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I have a service that runs under as specific windows user. That user is part of the adminstrators group.

In the SQL server database, I can see in the security pane : Builtin\Adminstrators.

The connections string contains Integrated Security = SSPI (no username or password).

Is the fact that I can connect to the database a result of my user being in the administrators group which corresponds to Builtin\Adminstrators in sql server?

JD.

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1 Answer 1

up vote 3 down vote accepted

Yes, yes it is.

SQL Server uses Windows Authentication (you can enable native SQL logins, as well, though), and that includes groups. If you add a group and give that group permissions (in this case, Builtin\Administrators), then every member of that group has access.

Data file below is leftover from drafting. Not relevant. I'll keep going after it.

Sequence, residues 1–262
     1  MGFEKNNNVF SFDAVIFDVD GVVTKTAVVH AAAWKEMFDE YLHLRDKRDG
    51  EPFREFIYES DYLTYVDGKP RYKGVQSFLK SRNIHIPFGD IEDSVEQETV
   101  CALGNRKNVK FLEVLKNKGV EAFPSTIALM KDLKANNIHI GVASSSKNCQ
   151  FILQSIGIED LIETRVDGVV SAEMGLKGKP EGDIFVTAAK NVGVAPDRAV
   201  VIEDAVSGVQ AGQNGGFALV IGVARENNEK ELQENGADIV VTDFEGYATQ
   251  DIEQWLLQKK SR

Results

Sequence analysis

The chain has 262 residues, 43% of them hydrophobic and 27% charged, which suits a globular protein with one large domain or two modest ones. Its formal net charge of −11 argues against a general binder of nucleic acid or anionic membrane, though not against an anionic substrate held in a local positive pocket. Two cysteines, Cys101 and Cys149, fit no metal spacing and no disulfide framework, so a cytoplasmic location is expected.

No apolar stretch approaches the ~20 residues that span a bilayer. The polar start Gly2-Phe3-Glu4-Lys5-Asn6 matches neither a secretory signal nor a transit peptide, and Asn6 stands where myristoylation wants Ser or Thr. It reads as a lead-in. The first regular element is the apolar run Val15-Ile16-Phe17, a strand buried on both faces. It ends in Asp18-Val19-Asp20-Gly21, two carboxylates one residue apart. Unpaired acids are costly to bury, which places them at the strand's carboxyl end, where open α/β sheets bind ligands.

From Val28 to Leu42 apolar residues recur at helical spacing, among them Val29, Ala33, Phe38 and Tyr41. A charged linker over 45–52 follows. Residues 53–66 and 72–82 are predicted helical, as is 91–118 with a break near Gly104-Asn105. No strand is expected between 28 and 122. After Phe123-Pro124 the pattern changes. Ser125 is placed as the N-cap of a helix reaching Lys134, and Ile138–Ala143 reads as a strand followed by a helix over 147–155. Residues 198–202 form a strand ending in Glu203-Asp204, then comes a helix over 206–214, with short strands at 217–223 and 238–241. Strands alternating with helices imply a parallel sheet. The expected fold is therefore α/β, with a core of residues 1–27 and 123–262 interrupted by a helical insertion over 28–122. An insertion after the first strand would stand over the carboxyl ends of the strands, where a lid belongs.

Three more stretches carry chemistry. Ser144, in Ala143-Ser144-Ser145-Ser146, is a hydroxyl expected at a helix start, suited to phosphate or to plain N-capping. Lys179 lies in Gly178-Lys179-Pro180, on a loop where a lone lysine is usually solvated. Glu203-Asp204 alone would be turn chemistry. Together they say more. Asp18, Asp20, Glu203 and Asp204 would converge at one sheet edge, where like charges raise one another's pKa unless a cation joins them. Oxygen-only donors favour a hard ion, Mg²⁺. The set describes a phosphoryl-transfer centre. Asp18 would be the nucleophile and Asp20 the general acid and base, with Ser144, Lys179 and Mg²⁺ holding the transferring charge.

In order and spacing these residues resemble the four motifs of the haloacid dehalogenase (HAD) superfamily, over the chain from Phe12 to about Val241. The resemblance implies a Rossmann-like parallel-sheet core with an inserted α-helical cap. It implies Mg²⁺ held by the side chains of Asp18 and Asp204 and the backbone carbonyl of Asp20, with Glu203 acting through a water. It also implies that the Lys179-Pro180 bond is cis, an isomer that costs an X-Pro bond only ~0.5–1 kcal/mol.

In SQL Server 2000 and 2005, Builtin\Administrators were default server administrators. In 2008, that's no longer the case, but many people go that route out of habit, anyway.

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Cheers Eric. I had another developer shoot me down for even considering it. He insisted I need to have the user mapped in sql server. –  JD. Aug 4 '09 at 18:23
    
@JD: Don't talk to developers about SQL Server security. Talk to DBAs. Just be careful when you do--you may end up losing an afternoon with that conversation. –  Eric Aug 4 '09 at 18:27
    
@Eric: Will do, I need to post another question, so I might as well ask now (as I am on the train) : What is the difference between Integrated Security = True and Integrated Security = SSPI. I have two apps and each one works only with one of the strings each. –  JD. Aug 4 '09 at 18:31
    
@JD: Best to post it as another question. I only know of Trusted_Connection = True and Integrated Security = SSPI as syntax differences, so there may be somebody that can provide a much more in depth answer for you. –  Eric Aug 4 '09 at 19:18

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